As many of you already know, I'm working on a new rewrite for SOTD... I started after I got the reply from the publisher who was looking at my manuscript. They thought I had a good story concept, but they thought that I didn't do it justice. It took me a couple months of setting SOTD aside before I realized that they were right and I decided to start fresh... same characters, improved concept, story, and writing.
That was about a year ago, and since then I've been in a long stall... only three new chapters were turned out in a whole year, and everything's been on hold since. My love of writing never digressed, but suddenly it became so much easier to put it off, and put it off, until I really had no more good excuses... just the fact that I didn't want to do it right then.
(This will lead up to a new post on Procrastination, I'm thinking... perhaps I'll be able to get that up in a day or two. ^_^)
But last weekend I decided it was time to stop stalling. I went back and read over the three chapters I had rewritten previously, and decided that the first chapter started a little too late into the story. So I started writing a new first chapter... one that really does start at the beginning where it should, instead of jumping right into the action where everything has to be laid out and explained in back story and the like. This chapter is much truer to what I envisioned the beginning of the story to look and sound like, and already it's made it easier for me to plan out the next few moves. (That was one problem I had with the other rewrite... I got to a point where I felt like I couldn't move forward because there was still too much to go back and explain. :P)
I was able to write 1,513 words for the new first chapter on Sunday, and now I'm going to share them with you. :) Note that this excerpt ends in a rather odd place, since I truly have not had time to work on the piece until today. I'm hoping to get more done on it this afternoon after I finish the 8 measure composition due tomorrow morning for my Music Theory class, and finish the errands that my mom has me running for.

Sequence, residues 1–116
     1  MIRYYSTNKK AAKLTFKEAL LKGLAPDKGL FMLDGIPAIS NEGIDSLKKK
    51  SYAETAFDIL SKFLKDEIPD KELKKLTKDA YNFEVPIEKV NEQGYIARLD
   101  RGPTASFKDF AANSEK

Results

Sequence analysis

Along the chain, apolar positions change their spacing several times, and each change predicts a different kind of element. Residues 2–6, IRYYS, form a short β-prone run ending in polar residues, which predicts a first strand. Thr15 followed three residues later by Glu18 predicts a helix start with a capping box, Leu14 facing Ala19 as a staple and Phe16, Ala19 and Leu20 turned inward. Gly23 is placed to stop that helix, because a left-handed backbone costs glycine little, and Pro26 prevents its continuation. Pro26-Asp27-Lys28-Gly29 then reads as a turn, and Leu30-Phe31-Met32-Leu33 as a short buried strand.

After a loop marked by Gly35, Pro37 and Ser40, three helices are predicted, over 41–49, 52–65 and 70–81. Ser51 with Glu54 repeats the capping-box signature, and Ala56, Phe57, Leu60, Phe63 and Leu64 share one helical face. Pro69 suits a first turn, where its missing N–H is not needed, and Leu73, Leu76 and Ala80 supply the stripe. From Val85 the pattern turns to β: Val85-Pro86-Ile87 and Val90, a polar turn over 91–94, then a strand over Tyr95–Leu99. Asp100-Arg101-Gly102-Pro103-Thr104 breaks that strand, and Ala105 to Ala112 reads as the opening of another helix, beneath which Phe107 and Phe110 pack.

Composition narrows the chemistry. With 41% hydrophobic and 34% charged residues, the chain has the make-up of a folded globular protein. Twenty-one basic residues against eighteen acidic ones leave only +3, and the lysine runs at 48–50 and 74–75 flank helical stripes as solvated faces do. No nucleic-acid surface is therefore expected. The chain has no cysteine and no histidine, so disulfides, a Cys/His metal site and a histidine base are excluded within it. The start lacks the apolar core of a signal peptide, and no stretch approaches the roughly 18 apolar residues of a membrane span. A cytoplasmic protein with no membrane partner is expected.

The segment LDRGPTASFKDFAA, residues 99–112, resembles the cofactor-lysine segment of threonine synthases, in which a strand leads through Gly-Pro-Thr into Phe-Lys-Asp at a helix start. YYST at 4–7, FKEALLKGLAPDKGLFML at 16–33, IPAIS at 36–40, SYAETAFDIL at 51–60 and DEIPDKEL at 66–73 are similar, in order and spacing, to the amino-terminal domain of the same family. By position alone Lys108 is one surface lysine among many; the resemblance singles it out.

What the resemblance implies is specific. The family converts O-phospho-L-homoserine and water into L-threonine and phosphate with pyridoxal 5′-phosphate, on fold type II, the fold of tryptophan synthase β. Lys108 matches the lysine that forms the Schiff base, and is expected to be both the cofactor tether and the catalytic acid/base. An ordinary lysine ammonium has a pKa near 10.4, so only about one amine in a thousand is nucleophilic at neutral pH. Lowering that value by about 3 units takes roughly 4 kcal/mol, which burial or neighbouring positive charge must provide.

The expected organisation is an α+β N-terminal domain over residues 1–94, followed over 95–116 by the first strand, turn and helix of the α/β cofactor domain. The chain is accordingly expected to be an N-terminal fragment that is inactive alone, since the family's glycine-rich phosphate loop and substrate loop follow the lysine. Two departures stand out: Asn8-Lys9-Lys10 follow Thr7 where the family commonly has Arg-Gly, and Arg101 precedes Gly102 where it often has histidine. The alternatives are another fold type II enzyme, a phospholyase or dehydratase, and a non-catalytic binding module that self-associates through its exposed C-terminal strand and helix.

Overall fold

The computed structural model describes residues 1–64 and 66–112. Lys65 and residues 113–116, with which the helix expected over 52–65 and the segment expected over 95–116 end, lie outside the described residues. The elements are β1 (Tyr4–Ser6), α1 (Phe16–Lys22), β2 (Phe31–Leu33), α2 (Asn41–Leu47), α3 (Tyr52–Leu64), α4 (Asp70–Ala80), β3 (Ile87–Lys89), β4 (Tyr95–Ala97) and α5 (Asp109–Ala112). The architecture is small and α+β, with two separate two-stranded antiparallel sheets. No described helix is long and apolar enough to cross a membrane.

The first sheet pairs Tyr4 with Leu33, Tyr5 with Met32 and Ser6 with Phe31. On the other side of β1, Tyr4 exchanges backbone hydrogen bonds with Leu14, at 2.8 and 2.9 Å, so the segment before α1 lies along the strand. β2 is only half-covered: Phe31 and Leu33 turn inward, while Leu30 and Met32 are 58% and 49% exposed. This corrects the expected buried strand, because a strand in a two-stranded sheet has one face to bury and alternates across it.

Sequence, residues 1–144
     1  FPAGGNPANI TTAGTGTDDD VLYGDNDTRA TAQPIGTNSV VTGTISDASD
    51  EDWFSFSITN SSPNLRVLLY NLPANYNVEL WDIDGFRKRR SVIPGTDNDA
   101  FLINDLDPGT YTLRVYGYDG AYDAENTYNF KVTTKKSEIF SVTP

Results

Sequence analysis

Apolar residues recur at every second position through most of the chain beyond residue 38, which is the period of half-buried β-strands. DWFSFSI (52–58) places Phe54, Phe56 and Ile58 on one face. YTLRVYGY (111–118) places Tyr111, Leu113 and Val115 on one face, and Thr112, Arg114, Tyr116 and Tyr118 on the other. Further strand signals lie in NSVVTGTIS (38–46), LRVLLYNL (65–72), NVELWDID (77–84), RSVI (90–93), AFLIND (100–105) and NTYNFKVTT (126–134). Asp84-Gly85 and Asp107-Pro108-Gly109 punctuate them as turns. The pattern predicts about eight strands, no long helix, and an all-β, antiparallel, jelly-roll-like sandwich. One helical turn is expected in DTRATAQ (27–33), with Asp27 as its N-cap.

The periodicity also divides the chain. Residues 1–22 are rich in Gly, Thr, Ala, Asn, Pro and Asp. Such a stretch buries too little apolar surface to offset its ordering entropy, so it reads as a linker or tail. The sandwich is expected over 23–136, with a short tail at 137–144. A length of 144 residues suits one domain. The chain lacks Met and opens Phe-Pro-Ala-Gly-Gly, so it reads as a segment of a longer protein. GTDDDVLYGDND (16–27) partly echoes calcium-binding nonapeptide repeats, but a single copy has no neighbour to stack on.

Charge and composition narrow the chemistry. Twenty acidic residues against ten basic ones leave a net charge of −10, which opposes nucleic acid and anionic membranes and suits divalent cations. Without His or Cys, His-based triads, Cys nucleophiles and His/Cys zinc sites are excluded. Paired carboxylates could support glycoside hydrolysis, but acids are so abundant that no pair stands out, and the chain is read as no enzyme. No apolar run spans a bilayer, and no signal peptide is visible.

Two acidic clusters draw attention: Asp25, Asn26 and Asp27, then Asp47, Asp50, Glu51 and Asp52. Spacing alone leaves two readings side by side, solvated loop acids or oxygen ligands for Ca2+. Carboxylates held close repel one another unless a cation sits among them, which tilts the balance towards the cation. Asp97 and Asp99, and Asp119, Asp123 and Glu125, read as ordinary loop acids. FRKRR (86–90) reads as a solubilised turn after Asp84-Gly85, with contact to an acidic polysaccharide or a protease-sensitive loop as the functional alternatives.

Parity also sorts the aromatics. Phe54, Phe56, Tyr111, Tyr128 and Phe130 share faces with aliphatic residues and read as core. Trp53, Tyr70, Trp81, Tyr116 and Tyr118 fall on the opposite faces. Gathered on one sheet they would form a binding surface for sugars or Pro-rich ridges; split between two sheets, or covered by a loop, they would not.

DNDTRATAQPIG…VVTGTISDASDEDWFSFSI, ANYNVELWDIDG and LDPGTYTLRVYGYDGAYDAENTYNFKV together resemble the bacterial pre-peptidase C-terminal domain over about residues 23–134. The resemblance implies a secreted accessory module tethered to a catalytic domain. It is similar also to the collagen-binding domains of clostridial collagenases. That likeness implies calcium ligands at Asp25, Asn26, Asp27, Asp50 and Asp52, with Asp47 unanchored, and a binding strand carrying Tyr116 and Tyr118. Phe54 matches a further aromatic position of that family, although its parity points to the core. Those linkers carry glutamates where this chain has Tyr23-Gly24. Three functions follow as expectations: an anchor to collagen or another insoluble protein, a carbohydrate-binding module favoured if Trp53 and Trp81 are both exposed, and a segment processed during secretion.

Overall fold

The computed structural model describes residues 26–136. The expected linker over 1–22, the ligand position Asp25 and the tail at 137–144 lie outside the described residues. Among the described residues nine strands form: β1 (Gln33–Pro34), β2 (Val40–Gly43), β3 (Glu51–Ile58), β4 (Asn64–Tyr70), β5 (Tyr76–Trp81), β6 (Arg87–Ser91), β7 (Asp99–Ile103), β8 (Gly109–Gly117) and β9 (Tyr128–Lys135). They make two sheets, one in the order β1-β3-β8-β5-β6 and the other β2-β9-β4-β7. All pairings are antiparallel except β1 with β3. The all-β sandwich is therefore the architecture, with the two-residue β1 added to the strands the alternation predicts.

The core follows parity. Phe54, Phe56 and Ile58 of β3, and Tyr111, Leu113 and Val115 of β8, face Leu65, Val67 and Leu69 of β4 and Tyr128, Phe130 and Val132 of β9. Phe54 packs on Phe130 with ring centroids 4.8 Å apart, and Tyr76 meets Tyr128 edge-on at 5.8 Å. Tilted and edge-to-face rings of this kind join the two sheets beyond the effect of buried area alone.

Until then, though, here's what I have up to this point:
The Boy with a Secret
The stable was cold and steeped in darkness when Curron stepped in and drew the door shut behind him. Soft nickers drifted out to him from the stalls, followed by several welcoming snorts. Shivering from his early morning walk, Curron latched the door with his free hand and reached out to grab the old lantern from its post. The cold metal handle bit into the palm of his skin sending tingles up his arms, and for the hundredth time Curron wished he could afford a set of gloves. He tipped his candle to the lantern’s wick and warm light flooded the walkway before him. Several long muzzles poked into the aisle and dark eyes glistened at him from the cubicles lining either side of the path.
Holding the lantern out in front, Curron made his way to the back wall where the feed was barreled. The horses shifted to follow his progress, snorting quiet greetings and stretching their noses over stall doors for him to fondle as he passed. A few reached out and yanked his clothing with their teeth, asking after the wrinkled apples hidden in his pockets.
Curron winced each time he heard the fibers of his shirt pop. The mornings were growing colder as the autumn months progressed. Sooner or later he’d have to ask Téagh for another set of clothes if he didn’t want to catch frostbite or worse in the winter months, and it was inevitable that Téagh would be annoyed. Téagh was annoyed at most things. Only two winters had passed since the last time the old stable master had bartered a boy’s shirt and leggings off a servant for Curron’s sake. The clothes had been too big for Curron then, at only twelve, but now the pants were up to his shins and the shirt stretched taught over his back. He was afraid that someday soon the shirt might rip open, leaving him in nothing but his trousers and his skin. Then how would he manage through winter?
At the back of the barn, he hung the lantern on the nail protruding above the grain bins, picked up the pitchfork leaning against the wall, and turned back to his charges. Cold and dark as it was, it was still worth rising before dawn each day to spend time alone in the stables. It was the one place he was free to be entirely himself, the one place he could escape his nightmares. Horses always listened and were never judgmental; they didn’t care if you were a prince or a pauper, so long as they were treated with kindness and respect. Which was good since Curron was far from princely.
“Alright then,” he said to no one in particular. “Who’s hungry?” Grabbing up a fistful of oats from the nearest barrel, he approached the first stall and held his arm out to the occupant. “How about you, Nathahl?” he crooned. “Is your belly sticking to your ribs yet?”
Large dark eyes winked out at Curron from the shadows of the stall. Several moments later the eyes drew nearer and a warm, velvety nose found its way into his palm to lip timidly at the grains.